1. Strategically Manage Farm Income
Limit your tax burden by stabilizing farm income. Because of the progressiveness of our tax rate structure (higher tax rates for higher incomes), a farm with fluctuating income from year to year pays a higher total tax than a farm with stable income.
There are two basic strategies for smoothing farm income. (1) Income can be shifted from a higher tax year to a lower tax year, and (2) expenses can be shifted from a lower tax year to a higher tax year.
(1) Some commodity sales can be delayed to the next year (grain stored at the farm) as long as the product does not lose value by being stored, and the product’s price is not subject to decline before the end of the year. Income can also be shifted by the use of deferred payment contracts with the buying point. For example, multiple contracts could be used for shifted income from corn and soybeans harvested in 2015. These contracts allow the farmer to maximize their tax situation by allowing the income to be reported in either 2015 or 2016. The income recognition is on a contract by contract basis, so be sure to set up multiple contracts for the most flexibility.
(2) Consider purchasing some of your operating inputs this year to reduce taxable income. This works best for inputs like feed, seed, fertilizer, chemicals, and fuel that can be purchased and delivered to the farm in the current year. Certain prepayments of inputs can also be utilized to minimized current taxable income if the following criteria are met:
• Full payment is made – payment is nonrefundable
• Valid business purpose for advanced purchase
• Prepayment cannot distort income
2. Don’t Waste Deductions
Farmers should consider shifting farm income into years when total income (AGI) is less than the total deductions and exemptions allowed in that year. The following example is for a married farmer filing a joint return and claiming two children as dependents.
As a result of effective tax planning, the couple was able to shift $12,500 into the current year and make use of the deductions and exemptions that otherwise would have been lost. The tax savings from this example will range from $1,500 to over $3,000 depending on the income situation in the following year.
3. Farm Income Averaging
Farmers can also limit the tax burden by taking advantage of the income averaging election for farmers. In a year when income is significantly higher than one or more of the previous three years, this election allows a farmer to spread the higher income equally over the past three years and take advantage of lower tax rates.
You probably have heard a lot about depreciation over the years.
• In general, you can take a larger than normal tax deduction in the same year that you purchase a new piece of equipment. (Via section 179, bonus, or both)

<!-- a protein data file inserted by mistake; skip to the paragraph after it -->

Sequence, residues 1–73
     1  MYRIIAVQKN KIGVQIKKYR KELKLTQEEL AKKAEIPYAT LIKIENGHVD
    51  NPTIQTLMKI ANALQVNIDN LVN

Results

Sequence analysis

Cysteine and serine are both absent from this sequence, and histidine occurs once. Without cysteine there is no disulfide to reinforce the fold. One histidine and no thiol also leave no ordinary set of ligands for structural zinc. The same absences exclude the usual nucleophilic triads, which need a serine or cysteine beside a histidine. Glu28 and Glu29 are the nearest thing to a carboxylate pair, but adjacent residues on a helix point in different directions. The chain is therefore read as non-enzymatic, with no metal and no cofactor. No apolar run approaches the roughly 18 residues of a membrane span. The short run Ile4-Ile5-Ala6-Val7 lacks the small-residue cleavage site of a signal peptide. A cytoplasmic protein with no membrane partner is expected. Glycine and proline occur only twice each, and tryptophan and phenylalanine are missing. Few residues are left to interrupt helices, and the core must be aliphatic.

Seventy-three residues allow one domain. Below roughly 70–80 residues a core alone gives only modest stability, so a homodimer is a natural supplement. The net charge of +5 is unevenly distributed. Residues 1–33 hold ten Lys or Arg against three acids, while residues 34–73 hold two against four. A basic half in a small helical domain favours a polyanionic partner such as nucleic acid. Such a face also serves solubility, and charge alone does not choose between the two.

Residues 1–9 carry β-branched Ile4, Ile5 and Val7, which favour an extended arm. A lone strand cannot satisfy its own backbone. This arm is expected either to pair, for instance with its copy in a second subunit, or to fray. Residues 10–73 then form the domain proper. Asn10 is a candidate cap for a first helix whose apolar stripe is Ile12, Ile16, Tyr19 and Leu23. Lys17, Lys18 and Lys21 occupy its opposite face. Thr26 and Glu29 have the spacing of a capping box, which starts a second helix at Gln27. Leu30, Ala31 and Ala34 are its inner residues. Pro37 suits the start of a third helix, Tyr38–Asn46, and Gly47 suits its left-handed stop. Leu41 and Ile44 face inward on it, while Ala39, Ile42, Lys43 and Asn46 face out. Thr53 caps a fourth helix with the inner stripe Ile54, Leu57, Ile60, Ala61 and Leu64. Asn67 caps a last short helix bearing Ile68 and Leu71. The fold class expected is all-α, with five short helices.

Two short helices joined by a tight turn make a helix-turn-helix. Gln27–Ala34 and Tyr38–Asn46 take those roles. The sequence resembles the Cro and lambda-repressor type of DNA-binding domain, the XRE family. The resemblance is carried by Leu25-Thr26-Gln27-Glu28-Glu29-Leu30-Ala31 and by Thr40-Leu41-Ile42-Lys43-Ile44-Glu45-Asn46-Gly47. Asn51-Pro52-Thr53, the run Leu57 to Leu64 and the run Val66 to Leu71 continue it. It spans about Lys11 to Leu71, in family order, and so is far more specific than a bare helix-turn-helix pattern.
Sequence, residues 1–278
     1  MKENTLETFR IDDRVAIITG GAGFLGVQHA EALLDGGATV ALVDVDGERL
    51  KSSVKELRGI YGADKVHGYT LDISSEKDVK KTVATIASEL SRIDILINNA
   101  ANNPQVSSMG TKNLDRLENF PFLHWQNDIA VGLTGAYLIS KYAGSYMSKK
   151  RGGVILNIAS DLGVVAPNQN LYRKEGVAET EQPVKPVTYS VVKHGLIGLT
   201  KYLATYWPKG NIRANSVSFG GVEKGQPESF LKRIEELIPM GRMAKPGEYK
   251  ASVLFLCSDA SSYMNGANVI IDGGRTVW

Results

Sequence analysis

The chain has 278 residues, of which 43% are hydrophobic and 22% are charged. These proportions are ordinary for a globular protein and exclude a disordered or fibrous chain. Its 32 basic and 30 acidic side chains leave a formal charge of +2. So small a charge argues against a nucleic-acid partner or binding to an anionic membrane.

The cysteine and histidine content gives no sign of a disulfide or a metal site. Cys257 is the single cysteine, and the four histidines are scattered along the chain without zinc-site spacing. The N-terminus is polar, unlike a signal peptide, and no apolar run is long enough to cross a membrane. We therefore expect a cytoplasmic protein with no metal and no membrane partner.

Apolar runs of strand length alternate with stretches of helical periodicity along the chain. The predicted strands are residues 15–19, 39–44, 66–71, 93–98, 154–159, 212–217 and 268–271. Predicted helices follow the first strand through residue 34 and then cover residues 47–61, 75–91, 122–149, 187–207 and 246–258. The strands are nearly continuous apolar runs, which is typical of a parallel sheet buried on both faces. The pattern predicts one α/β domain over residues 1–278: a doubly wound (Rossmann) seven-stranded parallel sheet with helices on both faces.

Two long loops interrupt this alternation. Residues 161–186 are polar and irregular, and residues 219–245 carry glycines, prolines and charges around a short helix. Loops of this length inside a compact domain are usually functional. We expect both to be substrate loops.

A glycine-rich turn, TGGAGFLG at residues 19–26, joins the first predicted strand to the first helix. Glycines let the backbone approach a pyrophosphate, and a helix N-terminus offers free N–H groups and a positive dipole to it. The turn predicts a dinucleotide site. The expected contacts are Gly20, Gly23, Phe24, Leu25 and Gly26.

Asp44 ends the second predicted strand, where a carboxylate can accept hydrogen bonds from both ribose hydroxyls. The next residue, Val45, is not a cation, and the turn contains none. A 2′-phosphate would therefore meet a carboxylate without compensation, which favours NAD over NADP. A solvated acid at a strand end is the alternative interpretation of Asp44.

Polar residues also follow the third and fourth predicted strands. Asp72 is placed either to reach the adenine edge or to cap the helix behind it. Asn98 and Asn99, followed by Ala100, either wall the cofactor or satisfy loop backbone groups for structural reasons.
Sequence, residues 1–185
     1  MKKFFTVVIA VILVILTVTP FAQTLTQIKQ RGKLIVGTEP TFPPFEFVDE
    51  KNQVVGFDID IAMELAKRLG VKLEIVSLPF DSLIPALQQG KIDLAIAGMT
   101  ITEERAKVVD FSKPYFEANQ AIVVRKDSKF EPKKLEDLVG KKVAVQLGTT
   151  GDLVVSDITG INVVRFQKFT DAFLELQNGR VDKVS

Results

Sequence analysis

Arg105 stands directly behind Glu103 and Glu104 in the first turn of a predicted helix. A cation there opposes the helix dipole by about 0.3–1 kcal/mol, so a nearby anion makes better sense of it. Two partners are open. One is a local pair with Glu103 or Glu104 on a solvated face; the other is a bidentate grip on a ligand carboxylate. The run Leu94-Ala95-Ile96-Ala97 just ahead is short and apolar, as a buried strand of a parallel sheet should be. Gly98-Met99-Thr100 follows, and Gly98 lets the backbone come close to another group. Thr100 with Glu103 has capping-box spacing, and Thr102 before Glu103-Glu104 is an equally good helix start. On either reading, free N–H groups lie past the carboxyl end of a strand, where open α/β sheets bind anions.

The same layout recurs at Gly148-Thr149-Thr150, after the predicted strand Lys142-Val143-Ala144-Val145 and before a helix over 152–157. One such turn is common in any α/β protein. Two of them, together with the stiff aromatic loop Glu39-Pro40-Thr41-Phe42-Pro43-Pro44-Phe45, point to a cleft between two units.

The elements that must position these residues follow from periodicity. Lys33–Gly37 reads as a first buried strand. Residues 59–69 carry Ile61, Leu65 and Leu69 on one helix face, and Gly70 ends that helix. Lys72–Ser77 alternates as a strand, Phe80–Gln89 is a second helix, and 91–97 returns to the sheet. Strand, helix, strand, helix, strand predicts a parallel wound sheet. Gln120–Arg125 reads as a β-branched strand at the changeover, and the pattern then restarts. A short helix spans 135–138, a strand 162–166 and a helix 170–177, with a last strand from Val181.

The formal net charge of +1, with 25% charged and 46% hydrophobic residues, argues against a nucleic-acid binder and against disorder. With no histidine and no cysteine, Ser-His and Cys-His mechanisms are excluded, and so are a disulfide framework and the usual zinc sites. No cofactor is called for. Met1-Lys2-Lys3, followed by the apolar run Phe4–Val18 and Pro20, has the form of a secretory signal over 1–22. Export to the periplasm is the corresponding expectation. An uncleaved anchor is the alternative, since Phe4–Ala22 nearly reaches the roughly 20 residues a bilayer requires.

• Buildings also have favorable tax treatment where in some cases the entire cost of construction can be deducted in the first year. The remainder of the cost has to be recovered over 20 years for equipment barns and machine shops. Special purpose structures like silos, grain bins, livestock barns, and chicken houses can be recovered over 10 years.
• Depreciation Myth – Warning: Don’t let the equipment salesman talk you into making a purchase just to save tax dollars. You’re not really saving money if you have to spend $10 to save $3. Only make equipment purchases out of need, and allow a tax professional to help you decide on the timing of that purchase based on your tax strategy as a whole.
5. Pay Your Kids! It Saves Taxes!
The IRS allows the owner/owners (for farms owned jointly by both spouses) of sole proprietor farms to pay their working children wages without withholding payroll taxes as long as the child is under age 18 at the end of the tax year. The wages are fully deductible by the farm which reduces income subject to self-employment tax. The wages also qualify farmers for another tax deduction that will be covered later.
Each child can earn $6,200 without owing any income tax in 2015. That means that for each child you pay, you save about $1,775 per year in income and self-employment taxes. Additionally, the earnings qualify each child for Roth-IRA contributions that can create a nice little retirement fund that is non-taxable at the time it is withdrawn. If a child earned $20,000 before age 18 and contributed the money to a Roth-IRA, the investment would grow to over $800,000 by age 60 assuming average earnings of 8% per year. Historical long-term investment averages are consistently over 10%. The average rate of 10% would grow the Roth-IRA to over $1,000,000. Conclusion – you received good tax savings and you left your children more than 5 times the national average according to U.S. inheritance polls. I’d say that’s a pretty good return on investment.
6. Domestic Production Activities (DPA) Deduction
The other tax deduction that I referred to earlier is one of the most overlooked deductions for farmers – the domestic production activities deduction. You get an extra deduction equal to 9% of net income from domestic farm activities, limited by 50% of W-2 wages you paid during the year.